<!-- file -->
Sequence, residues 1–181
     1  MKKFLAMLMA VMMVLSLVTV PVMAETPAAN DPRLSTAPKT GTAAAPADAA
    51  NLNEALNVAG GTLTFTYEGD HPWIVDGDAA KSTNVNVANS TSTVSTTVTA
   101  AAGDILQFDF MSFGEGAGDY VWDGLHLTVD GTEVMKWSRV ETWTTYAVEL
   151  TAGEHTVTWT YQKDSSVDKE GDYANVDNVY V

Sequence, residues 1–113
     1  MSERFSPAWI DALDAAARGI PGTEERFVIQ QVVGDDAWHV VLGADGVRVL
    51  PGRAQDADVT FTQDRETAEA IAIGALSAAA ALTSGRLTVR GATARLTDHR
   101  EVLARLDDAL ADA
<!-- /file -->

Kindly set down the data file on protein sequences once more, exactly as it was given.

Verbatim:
Sequence, residues 1–181
     1  MKKFLAMLMA VMMVLSLVTV PVMAETPAAN DPRLSTAPKT GTAAAPADAA
    51  NLNEALNVAG GTLTFTYEGD HPWIVDGDAA KSTNVNVANS TSTVSTTVTA
   101  AAGDILQFDF MSFGEGAGDY VWDGLHLTVD GTEVMKWSRV ETWTTYAVEL
   151  TAGEHTVTWT YQKDSSVDKE GDYANVDNVY V

Sequence, residues 1–113
     1  MSERFSPAWI DALDAAARGI PGTEERFVIQ QVVGDDAWHV VLGADGVRVL
    51  PGRAQDADVT FTQDRETAEA IAIGALSAAA ALTSGRLTVR GATARLTDHR
   101  EVLARLDDAL ADA